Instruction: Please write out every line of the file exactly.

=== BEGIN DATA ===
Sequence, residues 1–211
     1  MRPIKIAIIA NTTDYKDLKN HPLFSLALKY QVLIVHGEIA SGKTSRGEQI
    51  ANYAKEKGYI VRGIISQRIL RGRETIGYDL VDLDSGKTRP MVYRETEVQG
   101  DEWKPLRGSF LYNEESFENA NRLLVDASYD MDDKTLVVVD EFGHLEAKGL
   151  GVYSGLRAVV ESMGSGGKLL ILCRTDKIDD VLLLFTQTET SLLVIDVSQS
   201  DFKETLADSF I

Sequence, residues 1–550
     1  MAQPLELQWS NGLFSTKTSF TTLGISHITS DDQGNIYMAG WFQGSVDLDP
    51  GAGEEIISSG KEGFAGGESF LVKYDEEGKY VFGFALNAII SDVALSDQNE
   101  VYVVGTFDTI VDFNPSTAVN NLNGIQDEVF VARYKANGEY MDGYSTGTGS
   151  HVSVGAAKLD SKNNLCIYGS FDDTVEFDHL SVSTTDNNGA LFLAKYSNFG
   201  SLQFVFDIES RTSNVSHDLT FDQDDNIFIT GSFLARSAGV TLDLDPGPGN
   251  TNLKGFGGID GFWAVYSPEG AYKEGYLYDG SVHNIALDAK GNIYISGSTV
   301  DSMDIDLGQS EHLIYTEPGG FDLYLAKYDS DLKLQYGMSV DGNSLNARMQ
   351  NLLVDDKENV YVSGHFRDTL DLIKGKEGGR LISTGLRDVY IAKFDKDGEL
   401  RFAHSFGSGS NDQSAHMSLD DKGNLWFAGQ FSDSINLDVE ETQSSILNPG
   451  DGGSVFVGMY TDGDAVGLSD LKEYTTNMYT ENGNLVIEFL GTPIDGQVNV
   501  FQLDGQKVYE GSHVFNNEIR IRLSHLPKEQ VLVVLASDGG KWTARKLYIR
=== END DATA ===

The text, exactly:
Sequence, residues 1–211
     1  MRPIKIAIIA NTTDYKDLKN HPLFSLALKY QVLIVHGEIA SGKTSRGEQI
    51  ANYAKEKGYI VRGIISQRIL RGRETIGYDL VDLDSGKTRP MVYRETEVQG
   101  DEWKPLRGSF LYNEESFENA NRLLVDASYD MDDKTLVVVD EFGHLEAKGL
   151  GVYSGLRAVV ESMGSGGKLL ILCRTDKIDD VLLLFTQTET SLLVIDVSQS
   201  DFKETLADSF I

Sequence, residues 1–550
     1  MAQPLELQWS NGLFSTKTSF TTLGISHITS DDQGNIYMAG WFQGSVDLDP
    51  GAGEEIISSG KEGFAGGESF LVKYDEEGKY VFGFALNAII SDVALSDQNE
   101  VYVVGTFDTI VDFNPSTAVN NLNGIQDEVF VARYKANGEY MDGYSTGTGS
   151  HVSVGAAKLD SKNNLCIYGS FDDTVEFDHL SVSTTDNNGA LFLAKYSNFG
   201  SLQFVFDIES RTSNVSHDLT FDQDDNIFIT GSFLARSAGV TLDLDPGPGN
   251  TNLKGFGGID GFWAVYSPEG AYKEGYLYDG SVHNIALDAK GNIYISGSTV
   301  DSMDIDLGQS EHLIYTEPGG FDLYLAKYDS DLKLQYGMSV DGNSLNARMQ
   351  NLLVDDKENV YVSGHFRDTL DLIKGKEGGR LISTGLRDVY IAKFDKDGEL
   401  RFAHSFGSGS NDQSAHMSLD DKGNLWFAGQ FSDSINLDVE ETQSSILNPG
   451  DGGSVFVGMY TDGDAVGLSD LKEYTTNMYT ENGNLVIEFL GTPIDGQVNV
   501  FQLDGQKVYE GSHVFNNEIR IRLSHLPKEQ VLVVLASDGG KWTARKLYIR